seemed to heat every bit of him from the inside.

A sudden breeze ruffled his hair. The door of the Three Broomsticks had

opened again. Harry looked over the rim of his tankard and choked.

Professors McGonagall and Flitwick had just entered the pub with a

flurry of snowflakes, shortly followed by Hagrid, who was deep in

conversation with a portly man in a lime-green bowler hat and a

pinstriped cloak -- Cornelius Fudge, Minister of Magic.

In an instant, Ron and Hermione had both placed hands on the top of

Harry's head and forced him off his stool and under the table. Dripping

with butterbeer and crouching out of sight, Harry clutched his empty

tankard and watched the teachers' and Fudge's feet move toward the bar,

pause, then turn and walk right toward him.

Somewhere above him, Hermione whispered, Mobiliarbus!"

The Christmas tree beside their table rose a few inches off the ground,

drifted sideways, and landed with a soft thump right in front of their

table, hiding them from view. Staring through the dense lower branches,

Harry saw four sets of chair legs move back from the table right beside

theirs, then heard the grunts and sighs If the teachers and minister as

they sat down.

Next he saw another pair of feet, wearing sparkly turquoise high heels,

and heard a woman's voice. "A small gillywater --"

"Mine," said Professor McGonagall's voice.

"Four pints of mulled mead --"

"Ta, Rosmerta," said Hagrid.

"A cherry syrup and soda with ice and umbrella --"

"Mmm!" said Professor Flitwick, smacking his lips.

"So you'll be the red currant rum, Minister."

"Thank you, Rosmerta, m'dear," said Fudge's voice. "Lovely to see you

again, I must say. Have one yourself, won't you? Come and join us...."

"Well, thank you very much, Minister."

Harry watched the glittering heels march away and back again. His heart

was pounding uncomfortably in his throat. Why hadn't it occurred to him

that this was the last weekend of term for the teachers to& And how long

were they going to sit there? He needed time to sneak back into

Honeydukes if he wanted to return to school tonight.... Hermione's leg

gave a nervous twitch next to him.

"So, what brings you to this neck of the woods, Minister?" came Madam

Rosmerta's voice.

Harry saw the lower part of Fudge's thick body twist in his chair as

though he were checking for eavesdroppers. Then he said in a quiet

voice, "What else, m'dear, but Sirius Black? I daresay you heard what

happened up at the school at Halloween?"

I did hear a rumor," admitted Madam Rosmerta.

"Did you tell the whole pub, Hagrid?" said Professor McGonagall


"Do you think Blacks still in the area, Minister?" whispered Madam


"I'm sure of it," said Fudge shortly.

"You know that the dementors have searched the whole village twjce?"

said Madam Rosmerta, a slight edge to her voice. "Scared all my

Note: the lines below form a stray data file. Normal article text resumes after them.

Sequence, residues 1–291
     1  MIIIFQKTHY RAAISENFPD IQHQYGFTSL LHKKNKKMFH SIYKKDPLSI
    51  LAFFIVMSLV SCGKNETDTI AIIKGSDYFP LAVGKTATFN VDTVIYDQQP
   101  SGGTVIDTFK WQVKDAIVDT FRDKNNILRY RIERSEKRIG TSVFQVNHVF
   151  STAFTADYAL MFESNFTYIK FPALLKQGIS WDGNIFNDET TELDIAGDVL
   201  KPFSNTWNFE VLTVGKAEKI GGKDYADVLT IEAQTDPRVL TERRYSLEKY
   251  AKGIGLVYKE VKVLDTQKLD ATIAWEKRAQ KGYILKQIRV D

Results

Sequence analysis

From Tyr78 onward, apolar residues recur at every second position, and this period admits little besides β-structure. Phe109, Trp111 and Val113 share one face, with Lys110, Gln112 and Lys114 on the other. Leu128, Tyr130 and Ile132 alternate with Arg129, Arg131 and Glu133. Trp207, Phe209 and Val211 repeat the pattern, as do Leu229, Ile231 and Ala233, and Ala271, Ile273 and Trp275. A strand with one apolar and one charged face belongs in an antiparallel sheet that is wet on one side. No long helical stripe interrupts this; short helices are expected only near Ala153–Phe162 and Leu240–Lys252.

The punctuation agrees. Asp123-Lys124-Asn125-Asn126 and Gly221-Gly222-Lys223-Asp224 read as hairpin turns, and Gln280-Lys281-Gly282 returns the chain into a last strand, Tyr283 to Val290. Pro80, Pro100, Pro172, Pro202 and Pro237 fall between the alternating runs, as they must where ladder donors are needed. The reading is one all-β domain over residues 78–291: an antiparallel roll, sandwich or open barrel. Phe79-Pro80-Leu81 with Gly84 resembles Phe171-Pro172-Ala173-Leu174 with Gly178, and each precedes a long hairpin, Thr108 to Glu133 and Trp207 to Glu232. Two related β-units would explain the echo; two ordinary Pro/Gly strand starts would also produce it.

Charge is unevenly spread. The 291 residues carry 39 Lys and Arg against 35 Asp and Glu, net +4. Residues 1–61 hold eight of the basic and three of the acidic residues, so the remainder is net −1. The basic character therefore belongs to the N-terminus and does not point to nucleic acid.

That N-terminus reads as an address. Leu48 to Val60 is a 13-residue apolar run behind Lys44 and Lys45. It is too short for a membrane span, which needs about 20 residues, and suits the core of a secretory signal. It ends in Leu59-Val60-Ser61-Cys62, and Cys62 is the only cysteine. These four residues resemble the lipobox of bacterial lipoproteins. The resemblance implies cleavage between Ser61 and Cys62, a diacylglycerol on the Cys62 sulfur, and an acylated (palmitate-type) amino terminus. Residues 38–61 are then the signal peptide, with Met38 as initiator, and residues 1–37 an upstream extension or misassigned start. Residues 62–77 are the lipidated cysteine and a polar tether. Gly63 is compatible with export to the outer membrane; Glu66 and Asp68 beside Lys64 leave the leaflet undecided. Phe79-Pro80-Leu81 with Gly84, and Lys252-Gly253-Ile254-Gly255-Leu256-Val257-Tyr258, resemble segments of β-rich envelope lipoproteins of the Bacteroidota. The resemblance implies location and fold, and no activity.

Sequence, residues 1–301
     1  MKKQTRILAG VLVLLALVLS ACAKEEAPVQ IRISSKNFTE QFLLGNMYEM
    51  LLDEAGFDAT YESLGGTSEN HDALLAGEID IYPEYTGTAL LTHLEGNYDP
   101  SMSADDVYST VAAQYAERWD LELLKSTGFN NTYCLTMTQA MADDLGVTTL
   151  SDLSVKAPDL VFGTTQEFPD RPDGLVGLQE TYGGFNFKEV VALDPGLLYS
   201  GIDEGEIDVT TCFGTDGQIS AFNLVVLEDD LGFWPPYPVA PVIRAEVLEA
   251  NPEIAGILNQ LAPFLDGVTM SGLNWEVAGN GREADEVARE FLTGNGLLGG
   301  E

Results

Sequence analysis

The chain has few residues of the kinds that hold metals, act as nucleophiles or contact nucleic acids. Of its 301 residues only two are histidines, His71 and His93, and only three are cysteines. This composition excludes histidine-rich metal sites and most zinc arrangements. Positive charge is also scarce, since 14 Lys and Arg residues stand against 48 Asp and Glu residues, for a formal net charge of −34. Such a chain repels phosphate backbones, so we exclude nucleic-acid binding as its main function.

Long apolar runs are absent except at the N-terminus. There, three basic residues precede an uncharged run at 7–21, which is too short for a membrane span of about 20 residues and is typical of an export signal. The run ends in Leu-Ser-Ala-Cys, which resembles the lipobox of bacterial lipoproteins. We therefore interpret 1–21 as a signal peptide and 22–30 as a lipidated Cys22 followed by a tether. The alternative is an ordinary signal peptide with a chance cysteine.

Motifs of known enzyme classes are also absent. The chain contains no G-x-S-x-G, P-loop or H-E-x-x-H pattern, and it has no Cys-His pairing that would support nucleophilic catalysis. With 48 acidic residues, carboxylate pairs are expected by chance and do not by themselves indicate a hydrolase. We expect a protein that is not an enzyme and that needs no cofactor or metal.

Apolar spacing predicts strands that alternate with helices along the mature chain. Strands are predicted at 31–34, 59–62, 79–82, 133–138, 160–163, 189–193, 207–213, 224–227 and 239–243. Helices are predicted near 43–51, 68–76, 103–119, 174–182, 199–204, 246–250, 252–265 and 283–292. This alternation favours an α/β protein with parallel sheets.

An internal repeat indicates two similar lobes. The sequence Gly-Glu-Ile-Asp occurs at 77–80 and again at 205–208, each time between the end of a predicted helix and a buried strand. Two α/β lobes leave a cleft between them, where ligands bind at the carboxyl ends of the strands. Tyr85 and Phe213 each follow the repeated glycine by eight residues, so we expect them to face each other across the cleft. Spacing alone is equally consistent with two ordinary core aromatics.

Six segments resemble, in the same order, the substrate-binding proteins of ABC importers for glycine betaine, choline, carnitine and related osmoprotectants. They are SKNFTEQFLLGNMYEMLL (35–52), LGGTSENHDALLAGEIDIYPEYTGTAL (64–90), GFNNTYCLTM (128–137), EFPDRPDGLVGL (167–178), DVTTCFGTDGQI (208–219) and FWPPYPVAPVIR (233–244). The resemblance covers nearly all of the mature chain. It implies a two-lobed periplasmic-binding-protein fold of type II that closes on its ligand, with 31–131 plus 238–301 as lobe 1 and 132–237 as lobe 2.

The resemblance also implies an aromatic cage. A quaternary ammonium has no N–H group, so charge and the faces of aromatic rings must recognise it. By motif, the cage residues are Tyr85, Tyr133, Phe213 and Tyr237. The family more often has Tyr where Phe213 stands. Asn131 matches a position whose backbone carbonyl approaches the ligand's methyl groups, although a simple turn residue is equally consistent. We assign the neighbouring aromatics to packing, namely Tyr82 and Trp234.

customers away... It's very bad for business, Minister."

"Rosmerta, dear, I don't like them any more than you do," said Fudge

uncomfortably. "Necessary precaution... unfortunate, but there YOU

are.... I've just met some of them. They're in a fury against Dumbledore

-- he won't let them inside the castle grounds."

"I should think not," said Professor McGonagall sharply. "How are we

supposed to teach with those horrors floating around?"

"Hear, hear!" squeaked tiny Professor Flitwick, whose feet were dangling

a foot from the ground.

"All the same," demurred Fudge, "they are here to protect you all from

something much worse.... We all know what Black's capable of..."

"Do you know, I still have trouble believing it," said Madam Rosmerta

thoughtfully. "Of all the people to go over to the Dark Side, Sirius

Black was the last I'd have thought... I mean, I remember him when he

was a boy at Hogwarts. If you'd told me then what he was going to

become, I'd have said you'd had too much mead."

"You don't know the half of it, Rosmerta," said Fudge gruffly. "The

worst he did isn't widely known."

"The worst?" said Madam Rosmerta, her voice alive with curiosity, "Worse

than murdering all those poor people, you mean?"

"I certainly do," said Fudge.

"I ca'A believe that. What could possibly be worse?" "You say you

remember him at Hogwarts, Rosmerta," mur- mured Professor McGonagall.

"Do you remember who his-best friend was?"

"Naturally," said Madam Rosmerta, with a small laugh. "Never saw one

without the other, did you? The number of times I had them in here --

ooh, they used to make me laugh. Quite the double act, Sirius Black and

James Potter!"

Harry dropped his tankard with a loud clunk. Ron kicked him.

"Precisely," said Professor McGonagall. "Black and Potter. Ringleaders

of their little gang. Both very bright, of course -- exceptionally

bright, in fact -- but I don't think we've ever had such a pair of

troublemakers --"

"I dunno," chuckled Hagrid. "Fred and George Weasley could give 'em a

run fer their money."

"You'd have thought Black and Potter were brothers!" chimed in Professor

Flitwick. "Inseparable!"

"Of course they were," said Fudge. "Potter trusted Black beyond all his

other friends. Nothing changed when they left school. Black was best man

when James married Lily. Then they named him godfather to Harry. Harry

has no idea, of course. You can imagine how the idea would torment him."

"Because Black turned out to be in league with You-Know-Who?" whispered

Madam Rosmerta.

"Worse even than that, rn'dear...." Fudge dropped his voice and